23 Analysis and comments The word ‘Socialism’ was not omitted altogether from the Constitution by the subsequent amendments but redefined by saying that it meant ‘economic and social justice’. This assured the West and pro-capitalist elements that Bangladeshi Socialism is not socialism in the real sense, it was not the socialism as it was then practised in China or Soviet Russia, and that there is no reason to be panicked. In the light of the major changes in the world economic and power relations over the last decades (specially since the collapse of Soviet model, end of Cold war, revisions in the Chinese model), debates on this ‘revisionist socialism’ in the Constitution is rather muted. Some of our former ‘Socialist revolutionary leaders’ are happily co-habiting with semi-feudal, pro-capitalist parties. The debate on ‘Nationalism’ (Bangalee vs Bangladeshi) seems to be driven by emotion. Personally, I feel quite comfortable being known as a ‘Bangladeshi’ national with ‘Bangalee’ cultural and linguistic heritage and with a Muslim faith. Citizens who are not Bangalee but of other ethnic and cultural roots and profess any of the non-Muslim faiths should feel quite comfortable if their nationality is ‘Bangladeshi’. I find no contradiction in this kind of arrangement. But it is wrong to define all the citizens of Bangladesh as ‘Bangalee’; they would not feel comfortable with is this definition. Those who raise controversies and unnecessary debates on this issue are not helping Bangladesh to establish its distinct national identity.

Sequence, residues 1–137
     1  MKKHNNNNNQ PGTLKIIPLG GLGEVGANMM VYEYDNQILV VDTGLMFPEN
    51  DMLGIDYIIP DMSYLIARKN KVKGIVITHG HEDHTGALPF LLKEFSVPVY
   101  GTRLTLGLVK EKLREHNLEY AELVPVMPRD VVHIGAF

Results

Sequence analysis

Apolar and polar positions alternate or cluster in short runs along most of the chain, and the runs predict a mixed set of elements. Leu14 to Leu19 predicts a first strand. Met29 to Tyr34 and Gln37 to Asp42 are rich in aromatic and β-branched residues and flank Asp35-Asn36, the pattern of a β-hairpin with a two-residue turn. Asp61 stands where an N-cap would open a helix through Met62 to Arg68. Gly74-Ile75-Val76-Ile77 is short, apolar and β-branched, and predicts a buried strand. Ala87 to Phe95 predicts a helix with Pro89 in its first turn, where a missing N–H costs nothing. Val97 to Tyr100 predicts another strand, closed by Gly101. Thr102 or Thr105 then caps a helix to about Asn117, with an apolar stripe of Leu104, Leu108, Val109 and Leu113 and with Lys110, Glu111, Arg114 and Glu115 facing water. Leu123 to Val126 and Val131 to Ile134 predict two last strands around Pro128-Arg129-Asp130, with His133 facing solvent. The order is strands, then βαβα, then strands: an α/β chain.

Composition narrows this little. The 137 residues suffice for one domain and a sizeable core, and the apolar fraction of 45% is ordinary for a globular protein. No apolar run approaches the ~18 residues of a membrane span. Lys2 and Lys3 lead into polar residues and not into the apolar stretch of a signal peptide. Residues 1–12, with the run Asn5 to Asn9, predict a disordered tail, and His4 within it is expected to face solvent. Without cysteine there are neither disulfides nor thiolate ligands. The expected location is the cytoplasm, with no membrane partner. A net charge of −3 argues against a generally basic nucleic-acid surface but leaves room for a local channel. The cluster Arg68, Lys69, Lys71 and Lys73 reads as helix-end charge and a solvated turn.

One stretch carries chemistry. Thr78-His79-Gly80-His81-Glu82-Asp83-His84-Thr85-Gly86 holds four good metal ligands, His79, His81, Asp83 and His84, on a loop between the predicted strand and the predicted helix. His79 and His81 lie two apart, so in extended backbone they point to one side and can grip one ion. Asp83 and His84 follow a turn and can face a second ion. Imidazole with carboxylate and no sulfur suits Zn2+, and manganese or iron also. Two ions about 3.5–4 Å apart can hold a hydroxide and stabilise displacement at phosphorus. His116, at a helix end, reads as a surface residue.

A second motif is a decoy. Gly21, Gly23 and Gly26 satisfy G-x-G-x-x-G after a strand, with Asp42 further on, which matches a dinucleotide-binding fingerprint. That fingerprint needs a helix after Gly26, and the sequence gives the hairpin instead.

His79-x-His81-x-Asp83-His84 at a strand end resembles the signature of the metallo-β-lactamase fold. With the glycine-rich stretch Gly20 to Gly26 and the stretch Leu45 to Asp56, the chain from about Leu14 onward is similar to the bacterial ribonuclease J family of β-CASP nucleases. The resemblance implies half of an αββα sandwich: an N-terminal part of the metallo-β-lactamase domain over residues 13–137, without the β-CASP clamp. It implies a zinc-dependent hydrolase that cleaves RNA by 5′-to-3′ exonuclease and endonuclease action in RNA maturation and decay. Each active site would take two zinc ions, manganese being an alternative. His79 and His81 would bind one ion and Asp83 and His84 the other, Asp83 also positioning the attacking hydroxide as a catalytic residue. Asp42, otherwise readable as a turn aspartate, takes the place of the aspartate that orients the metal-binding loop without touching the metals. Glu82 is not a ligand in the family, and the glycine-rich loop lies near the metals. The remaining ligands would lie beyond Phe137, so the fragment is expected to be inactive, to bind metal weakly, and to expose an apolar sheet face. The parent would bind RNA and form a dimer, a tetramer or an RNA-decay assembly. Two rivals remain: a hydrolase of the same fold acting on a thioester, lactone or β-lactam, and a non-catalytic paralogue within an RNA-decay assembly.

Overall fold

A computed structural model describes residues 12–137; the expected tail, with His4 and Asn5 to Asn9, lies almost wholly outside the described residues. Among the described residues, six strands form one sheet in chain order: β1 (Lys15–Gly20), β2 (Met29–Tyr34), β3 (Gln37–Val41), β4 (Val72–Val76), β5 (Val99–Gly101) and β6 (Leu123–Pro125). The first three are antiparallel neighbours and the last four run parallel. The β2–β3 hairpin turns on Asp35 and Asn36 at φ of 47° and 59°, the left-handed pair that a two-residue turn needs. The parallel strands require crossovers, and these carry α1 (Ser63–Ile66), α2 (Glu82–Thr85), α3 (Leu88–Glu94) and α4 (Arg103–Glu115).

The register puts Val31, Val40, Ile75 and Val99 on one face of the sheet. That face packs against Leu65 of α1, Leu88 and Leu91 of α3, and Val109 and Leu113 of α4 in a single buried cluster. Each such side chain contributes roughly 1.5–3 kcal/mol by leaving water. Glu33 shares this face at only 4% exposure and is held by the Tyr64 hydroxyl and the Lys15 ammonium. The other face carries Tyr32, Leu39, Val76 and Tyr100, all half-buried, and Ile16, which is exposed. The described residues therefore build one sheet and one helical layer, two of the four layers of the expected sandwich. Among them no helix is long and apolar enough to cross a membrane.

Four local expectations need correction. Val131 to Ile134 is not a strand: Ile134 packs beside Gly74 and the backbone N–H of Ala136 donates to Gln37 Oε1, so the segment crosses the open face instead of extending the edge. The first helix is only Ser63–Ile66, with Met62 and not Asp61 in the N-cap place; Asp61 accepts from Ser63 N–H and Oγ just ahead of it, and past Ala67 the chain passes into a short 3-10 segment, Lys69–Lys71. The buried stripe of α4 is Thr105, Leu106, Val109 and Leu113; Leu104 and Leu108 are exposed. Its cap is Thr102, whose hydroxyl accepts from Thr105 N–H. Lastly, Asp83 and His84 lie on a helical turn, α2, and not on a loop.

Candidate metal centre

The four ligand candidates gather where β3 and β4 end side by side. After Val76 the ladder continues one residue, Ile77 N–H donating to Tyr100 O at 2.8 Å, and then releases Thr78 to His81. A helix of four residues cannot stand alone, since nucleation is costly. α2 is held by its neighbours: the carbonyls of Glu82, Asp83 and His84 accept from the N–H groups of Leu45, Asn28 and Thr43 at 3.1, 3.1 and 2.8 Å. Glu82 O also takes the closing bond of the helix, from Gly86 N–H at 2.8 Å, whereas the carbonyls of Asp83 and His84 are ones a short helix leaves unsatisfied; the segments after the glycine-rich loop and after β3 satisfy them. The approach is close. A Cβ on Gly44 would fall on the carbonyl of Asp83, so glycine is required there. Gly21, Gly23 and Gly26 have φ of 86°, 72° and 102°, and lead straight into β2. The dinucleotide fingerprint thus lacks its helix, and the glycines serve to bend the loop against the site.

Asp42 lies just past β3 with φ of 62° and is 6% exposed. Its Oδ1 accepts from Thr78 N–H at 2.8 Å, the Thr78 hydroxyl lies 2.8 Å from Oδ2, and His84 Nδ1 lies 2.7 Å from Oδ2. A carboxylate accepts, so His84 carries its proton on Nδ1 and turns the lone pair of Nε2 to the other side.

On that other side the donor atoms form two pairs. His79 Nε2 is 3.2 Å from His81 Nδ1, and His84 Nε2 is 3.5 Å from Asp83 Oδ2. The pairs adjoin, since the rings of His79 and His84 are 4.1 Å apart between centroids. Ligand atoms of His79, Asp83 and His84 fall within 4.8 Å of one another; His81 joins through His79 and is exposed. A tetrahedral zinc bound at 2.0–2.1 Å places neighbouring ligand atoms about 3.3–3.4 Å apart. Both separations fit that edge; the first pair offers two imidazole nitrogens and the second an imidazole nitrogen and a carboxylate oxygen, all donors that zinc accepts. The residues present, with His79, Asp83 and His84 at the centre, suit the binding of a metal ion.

24 Analysis and comments The issue of ‘Secularism’ is more sensitive as it is supposed to be more progressive and all embracing as opposed to the word ‘Islam or Muslim’ in the Constitution. Whether the present BAL government really wants to delete the words ‘Bismillah ar-Rahman ar-Rahim’ from the preamble and ‘Islam is the state religion’ from the Constitution to reinstate the word ‘Secularism’, remain to be seen. Still we may make a few comments for general discussion. In my opinion, it would be very controversial and difficult to remove the words from the preamble. Whether it was right or wrong at the time of its addition to the Constitution is another question. But doing this now would send a wrong signal to the vast majority of Muslims about the intention of the BAL government.

25 Analysis and comments The fact remains that in many ‘secular’ western countries, belief in the Almighty God (Allah) remains a cardinal principle. These countries have Christian majority populations, and Christian traditions, rituals and culture dominate the social and cultural life of most people, although legitimate rights of people practicing other religious faiths, as well as those of atheists or agnostics, are acknowledged, respected, and legally guaranteed. There are extremists and fanatics also within these secular Christian societies, but the legal system is strong enough to contain their activities that advocate hatred, racism and violence. The societies are economically, socially and politically more advanced and mature with a high degree of tolerance for different religions, culture and opposing views. Bangladesh society is relatively backward in economy, political and social culture compared with the European societies and what is acceptable in Europe may not be acceptable in Bangladesh. Does religion clash with secularism? According to many people, it does so when religion and only religion is the guiding force for all political and social activities within a state. We have witnessed this in Afghanistan, Sudan or Somalia, Kashmir, Chechnya or even in Iran to some extent. But the matter is more complex that it appears on the surface. There are dozens of other reasons for the instability, turmoil, and conflicts in most of these societies.